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- Volume 15, Issue 1, 2006
Clean Air Journal = Tydskrif vir Skoon Lug - Volume 15, Issue 1, 2006
Volume 15, Issue 1, 2006
President's Report 2005 : delivered at the NACA Annual Conference, Cape Town, 29 / 30 September 2005Author Tony StottSource: Clean Air Journal = Tydskrif vir Skoon Lug 15, pp 2 –4 (2006)More Less
The immediate Past President, Mr Gerrit Kornelius, members of Council, the NACA Branch Chairpersons and committees, members of NACA, Ladies and Gentlemen. The President of NACA, Mr Tony Stott extends his apologies - he is overseas on business and is unable to join us today. On behalf of the President it is my pleasure to present the 2005 report.
Author M.A. OosthuizenSource: Clean Air Journal = Tydskrif vir Skoon Lug 15 (2006)More Less
NACA recently co-sponsored a follow-up of an epidemiology study, the Vaal Triangle Air Pollution and Health Study (YAPS), which was conducted during the early nineties. The main findings of the VAPS study, which involved more than 14 000 children, were that average concentrations of gaseous pollutants were occasionally exceeding standards but that total suspended particulate matter (TSP) in the air was 2.5 times the acceptable level.
Creating partnerships between industry, community and government in the interests of environmental protection and public healthAuthor Cecilia JacobsSource: Clean Air Journal = Tydskrif vir Skoon Lug 15, pp 6 –10 (2006)More Less
This presentation examines an initiative in the Bellville South area in the Western Cape, that sought to bring about collaboration between industries and community-based organisations in the area, as well as government structures at a local, provincial and national level. The purpose of this collaboration was to promote the interests of environmental protection and public health in an area that had been identified as an air pollution 'hotspot' in the Western Cape.
In the presentation I will trace the development of this collaborative initiative over the five-year period 2000 - 2005, and also examine the factors that led to the formation of the Bellville South Environmental Forum (BELSEF). The presentation will also analyse some of the constraining and enabling factors impacting on BELSEF over the past five years, and outline some of the initiatives undertaken in this period. Finally the presentation will frame the work of this forum in a political analysis and make recommendations on the future of such forums and their prospective role in South Africa.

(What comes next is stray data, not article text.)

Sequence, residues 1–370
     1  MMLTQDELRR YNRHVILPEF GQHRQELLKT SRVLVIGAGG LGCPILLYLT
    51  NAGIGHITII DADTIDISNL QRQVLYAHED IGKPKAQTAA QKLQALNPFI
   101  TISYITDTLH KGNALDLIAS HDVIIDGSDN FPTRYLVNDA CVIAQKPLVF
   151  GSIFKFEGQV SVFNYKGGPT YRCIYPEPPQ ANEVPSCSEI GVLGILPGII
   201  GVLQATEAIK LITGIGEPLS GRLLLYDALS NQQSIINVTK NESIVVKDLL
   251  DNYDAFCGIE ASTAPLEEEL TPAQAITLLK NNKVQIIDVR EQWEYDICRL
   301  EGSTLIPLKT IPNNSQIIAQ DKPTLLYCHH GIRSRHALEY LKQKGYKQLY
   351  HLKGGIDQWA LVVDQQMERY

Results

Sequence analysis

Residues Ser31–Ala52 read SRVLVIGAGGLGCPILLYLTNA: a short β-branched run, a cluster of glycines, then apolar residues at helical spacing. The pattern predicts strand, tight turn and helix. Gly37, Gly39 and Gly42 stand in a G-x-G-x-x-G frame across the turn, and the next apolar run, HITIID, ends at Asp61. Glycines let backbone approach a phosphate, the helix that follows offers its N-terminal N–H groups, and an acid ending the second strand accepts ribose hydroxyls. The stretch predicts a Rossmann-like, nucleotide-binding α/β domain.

Source: Clean Air Journal = Tydskrif vir Skoon Lug 15, pp 14 –18 (2006)More Less
The Dynamic Air Pollution Prediction System (DAPPS) is a modular computer based system that provides air quality forecasts in an urban environment. DAPPS was established by a South African consortium and has been set up as a pilot study in the City of Cape Town. The key components of DAPPS are a comprehensive spatially and temporally resolved emissions module, a prognostic meteorological module and a photochemical dispersion module. Collectively, this suite provides a predictive and powerful atmospheric chemistry capability that is not readily available in most air quality modelling and information systems. In preliminary validation, modelled concentrations of SO2, NOx and O3 are compared with measured concentrations in the Cape Town monitoring network. Predicted and monitored NOx compare well and the temporal profile is determined largely by motor vehicle activity. The comparison for SO2 confirms that weaknesses exist in the temporal profile assigned to small point sources. Ozone compares favourably, but deficiencies are observed and are attributed to the speciation of VOCs.
Author Kurt FedraSource: Clean Air Journal = Tydskrif vir Skoon Lug 15, pp 19 –24 (2006)More Less
Urban and industrial air quality management faces new and continuing challenges, driven by new legislation and public awareness on the one hand, industrialization and the growth of urban conglomerates and increases in power consumption and traffic on the other. While dispersion modeling for air quality studies is a well established field, the challenge is to integrate scientific tools of analysis with the environmental planning and management process, to involve a large and diverse audience and participants in the policy and decision making processes, and to support new functions such as the information of the public. This requires to integrate air quality models in a conceptual framework that includes and explicitly addresses policy relevant elements such as the control of emission sources including economic criteria, monitoring of ambient air quality and the compliance with standards, and impacts on human health and the environment.
AirWare is an integrated environmental information system for air quality assessment and management (http://www.ess.co.at/AIRWARE). In a sequence of international research projects and numerous application in cities all around the world, AirWare has been developed from a dedicated engineering system implemented on special hardware in the technical division of a users institution, for a few trained specialists, to an Internet based distributed client-server system for a much broader user group with support for public information systems.